Wednesday, 9 August 2017


Paramount Pictures

In 2006, former US Vice President Al Gore won an Oscar for An Inconvenient Truth; his alarming documentary wake up call to the world about the devastating effects of climate change. A decade later, and Gore is still campaigning. But is anyone listening?

Yes they are but with this doco, An Inconvenient Sequel: Truth To Power, Al Gore is very much preaching to the converted. In 2017, you either believe in the real threat of climate change or you're an idiot.

And sadly, one of the biggest idiots is in the White House: US President Trump announcing earlier this year that the US would be backing out of the Paris Climate Agreement; signed at the 2015 Paris climate summit where the world's leaders agreed to tackle climate change through greenhouse emissions reductions.

Much of Bonnie Cohen and Jon Shenk's documentary concerns itself with the behind-the-scenes wheelings and dealings in Paris, as Gore, and others, try to convince nations like India to sign-up to the emissions cutting agreement.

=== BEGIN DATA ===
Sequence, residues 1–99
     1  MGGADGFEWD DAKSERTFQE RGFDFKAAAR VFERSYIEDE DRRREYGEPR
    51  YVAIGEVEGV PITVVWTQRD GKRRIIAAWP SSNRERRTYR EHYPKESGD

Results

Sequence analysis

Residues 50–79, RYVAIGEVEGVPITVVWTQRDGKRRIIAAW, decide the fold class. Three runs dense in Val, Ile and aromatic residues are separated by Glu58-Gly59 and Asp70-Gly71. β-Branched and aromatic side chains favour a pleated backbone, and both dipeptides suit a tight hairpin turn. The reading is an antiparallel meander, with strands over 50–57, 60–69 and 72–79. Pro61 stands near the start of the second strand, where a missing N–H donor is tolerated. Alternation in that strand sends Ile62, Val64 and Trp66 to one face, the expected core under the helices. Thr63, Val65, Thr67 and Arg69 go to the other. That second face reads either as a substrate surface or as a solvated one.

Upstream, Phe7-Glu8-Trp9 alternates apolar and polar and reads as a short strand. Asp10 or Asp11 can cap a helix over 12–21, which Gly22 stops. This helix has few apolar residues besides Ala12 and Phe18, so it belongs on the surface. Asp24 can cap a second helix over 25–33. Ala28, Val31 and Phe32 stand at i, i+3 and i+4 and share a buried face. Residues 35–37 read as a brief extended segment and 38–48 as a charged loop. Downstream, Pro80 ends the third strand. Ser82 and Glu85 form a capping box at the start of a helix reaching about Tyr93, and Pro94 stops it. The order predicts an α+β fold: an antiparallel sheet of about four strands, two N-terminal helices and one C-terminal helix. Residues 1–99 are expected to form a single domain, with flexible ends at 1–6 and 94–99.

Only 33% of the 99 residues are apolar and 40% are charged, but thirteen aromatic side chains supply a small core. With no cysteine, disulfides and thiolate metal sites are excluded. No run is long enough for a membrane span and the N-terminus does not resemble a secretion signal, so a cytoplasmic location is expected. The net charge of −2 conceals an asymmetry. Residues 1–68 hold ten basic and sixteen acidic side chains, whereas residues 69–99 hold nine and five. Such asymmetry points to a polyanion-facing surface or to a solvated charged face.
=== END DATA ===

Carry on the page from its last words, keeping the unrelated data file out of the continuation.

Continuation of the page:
And An Inconvenient Sequel would have been much more fascinating had it focused solely on these proceedings. For while An Inconvenient Sequel does not deliver its message as powerfully as its predecessor, it is arguably more cinematic (An Inconvenient Truth, directed by Davis Guggenheim, was essentially a filmed presentation). The politic-ing, the to-ing and fro-ing, and the way Gore engages with all sides is persuasive rather than didactic.

While he no longer holds a public office, Al Gore very much remains a statesman, and we get to see just what America, and the world, missed out on when he lost the US presidential race to George W. Bush in 2000. Intelligent, articulate and impassioned, Gore is everything that Bush wasn't (and what Trump will never be).

Then again, perhaps it is because he is not in Washington that Gore gets to advocate so openly and freely for his pet cause; doing much more good unshackled by the limitations of bureaucracy. But is Gore -- and the planet -- fighting a losing battle?

When Australia's own government is trying to sell us on the idea of "clean coal" (yeah, I don't know either), change is going to have to come from a grassroots level and not from the top down. An Inconvenient Sequel: Truth To Power is a necessary rallying cry that may well convert climate change believers into climate change activists.

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